West Palm Beach Therapist
Dr. Susan Christiansen, Ph.D., LMFT
Approximately 223.4 million people (70% of adults) in the U.S. have experienced some type of traumatic event at least once in their lives. With an estimated 8% of Americans − 24.4 million people − having PTSD at any given time.
When in danger, it’s natural to feel afraid. This fear triggers many split-second changes in the body to prepare to defend against the danger or to avoid it. This “fight-or-flight” response is a healthy reaction meant to protect a person from harm. But in post-traumatic stress disorder this reaction is changed or damaged. People who have PTSD may feel stressed or frightened even when they’re no longer in danger.
Posttraumatic stress disorder may develop after a person is exposed to one or more traumatic events, such as major stress, sexual assault, terrorism, or other threats to a person's life. The diagnosis may be given when a group of symptoms, such as disturbing recurring flashbacks, avoidance or numbing of memories of the event, and hyper-arousal, continue for more than a month after the occurrence of a traumatic event.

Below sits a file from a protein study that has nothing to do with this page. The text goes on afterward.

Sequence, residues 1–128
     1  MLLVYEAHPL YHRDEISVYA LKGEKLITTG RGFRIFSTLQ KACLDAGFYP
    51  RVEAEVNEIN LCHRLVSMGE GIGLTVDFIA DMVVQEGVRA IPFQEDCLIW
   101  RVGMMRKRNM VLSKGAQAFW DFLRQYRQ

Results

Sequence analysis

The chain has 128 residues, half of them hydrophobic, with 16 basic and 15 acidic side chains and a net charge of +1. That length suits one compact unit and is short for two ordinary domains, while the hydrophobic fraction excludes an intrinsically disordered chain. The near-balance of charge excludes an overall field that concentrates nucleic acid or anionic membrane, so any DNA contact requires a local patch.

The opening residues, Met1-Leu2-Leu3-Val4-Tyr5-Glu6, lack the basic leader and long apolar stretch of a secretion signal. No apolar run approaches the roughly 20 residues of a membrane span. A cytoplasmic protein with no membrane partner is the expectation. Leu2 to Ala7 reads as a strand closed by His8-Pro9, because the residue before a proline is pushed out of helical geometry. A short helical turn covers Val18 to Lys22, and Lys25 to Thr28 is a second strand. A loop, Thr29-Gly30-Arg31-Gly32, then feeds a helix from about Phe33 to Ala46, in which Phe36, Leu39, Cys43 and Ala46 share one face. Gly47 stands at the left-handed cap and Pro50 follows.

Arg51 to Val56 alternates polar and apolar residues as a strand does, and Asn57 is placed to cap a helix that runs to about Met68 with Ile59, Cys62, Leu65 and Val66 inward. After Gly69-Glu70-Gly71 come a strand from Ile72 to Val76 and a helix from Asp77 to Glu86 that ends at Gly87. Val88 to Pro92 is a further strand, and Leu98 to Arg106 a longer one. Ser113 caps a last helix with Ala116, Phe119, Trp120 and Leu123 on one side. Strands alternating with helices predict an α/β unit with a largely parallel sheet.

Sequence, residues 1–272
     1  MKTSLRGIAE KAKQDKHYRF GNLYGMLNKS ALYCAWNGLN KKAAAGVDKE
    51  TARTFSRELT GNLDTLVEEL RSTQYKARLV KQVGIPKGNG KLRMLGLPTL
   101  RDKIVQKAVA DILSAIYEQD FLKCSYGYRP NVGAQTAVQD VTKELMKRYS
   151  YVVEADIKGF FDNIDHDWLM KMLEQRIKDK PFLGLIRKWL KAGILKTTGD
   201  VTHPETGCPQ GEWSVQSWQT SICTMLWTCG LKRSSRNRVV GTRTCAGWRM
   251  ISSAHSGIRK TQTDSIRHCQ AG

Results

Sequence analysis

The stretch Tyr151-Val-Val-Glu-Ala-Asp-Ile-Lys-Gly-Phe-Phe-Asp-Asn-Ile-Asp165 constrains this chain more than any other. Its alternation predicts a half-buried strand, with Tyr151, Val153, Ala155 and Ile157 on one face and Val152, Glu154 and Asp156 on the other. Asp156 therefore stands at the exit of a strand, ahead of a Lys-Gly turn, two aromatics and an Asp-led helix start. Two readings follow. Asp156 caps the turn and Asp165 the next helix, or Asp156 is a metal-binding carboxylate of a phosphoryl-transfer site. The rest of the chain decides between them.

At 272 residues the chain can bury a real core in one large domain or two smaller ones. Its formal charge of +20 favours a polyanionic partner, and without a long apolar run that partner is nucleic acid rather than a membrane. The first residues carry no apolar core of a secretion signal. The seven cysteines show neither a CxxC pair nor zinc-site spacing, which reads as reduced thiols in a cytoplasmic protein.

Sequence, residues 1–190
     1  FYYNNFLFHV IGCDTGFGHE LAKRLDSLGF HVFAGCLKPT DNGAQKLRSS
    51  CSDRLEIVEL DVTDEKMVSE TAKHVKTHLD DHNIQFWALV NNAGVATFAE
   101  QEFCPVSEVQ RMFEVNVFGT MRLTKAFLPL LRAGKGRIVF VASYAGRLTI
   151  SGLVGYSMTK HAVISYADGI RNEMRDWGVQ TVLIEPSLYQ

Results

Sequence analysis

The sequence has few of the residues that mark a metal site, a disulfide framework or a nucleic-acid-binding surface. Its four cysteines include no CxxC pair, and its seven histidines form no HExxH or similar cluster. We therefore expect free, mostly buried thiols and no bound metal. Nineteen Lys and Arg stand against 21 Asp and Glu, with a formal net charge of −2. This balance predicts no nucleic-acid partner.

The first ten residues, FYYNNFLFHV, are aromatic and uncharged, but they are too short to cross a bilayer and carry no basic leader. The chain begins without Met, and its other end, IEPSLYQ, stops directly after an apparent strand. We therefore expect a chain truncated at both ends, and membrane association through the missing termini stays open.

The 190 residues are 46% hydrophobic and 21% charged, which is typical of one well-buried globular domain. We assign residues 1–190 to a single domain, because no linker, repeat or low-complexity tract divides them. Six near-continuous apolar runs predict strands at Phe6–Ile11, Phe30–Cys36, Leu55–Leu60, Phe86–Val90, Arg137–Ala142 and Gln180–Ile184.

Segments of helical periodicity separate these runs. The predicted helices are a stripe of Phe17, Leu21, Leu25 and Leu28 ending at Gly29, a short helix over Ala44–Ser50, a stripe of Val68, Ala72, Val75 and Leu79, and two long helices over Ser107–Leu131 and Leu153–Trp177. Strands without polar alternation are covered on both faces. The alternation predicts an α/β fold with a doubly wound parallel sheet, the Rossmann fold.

Most people having experienced a traumatizing event will not develop PTSD. People who experience assault-based trauma are more likely to develop PTSD, as opposed to people who experience non-assault based trauma such as witnessing trauma, accidents, and fire events.
Children are less likely to experience PTSD after trauma than adults, especially if they are less than ten years of age. War veterans are commonly at risk for PTSD.
Dr. Christiansen has experience in treating PTSD, call today if you or someone you know is struggling with PTSD, (561) 688-8787.
Call Today (561) 688-8787 with any questions or
to discuss arranging an initial consultation.
Your Privacy is Important.
Schedule a Consultation
Contact us today by completing
the form below or,
by phone at (561) 688-8787.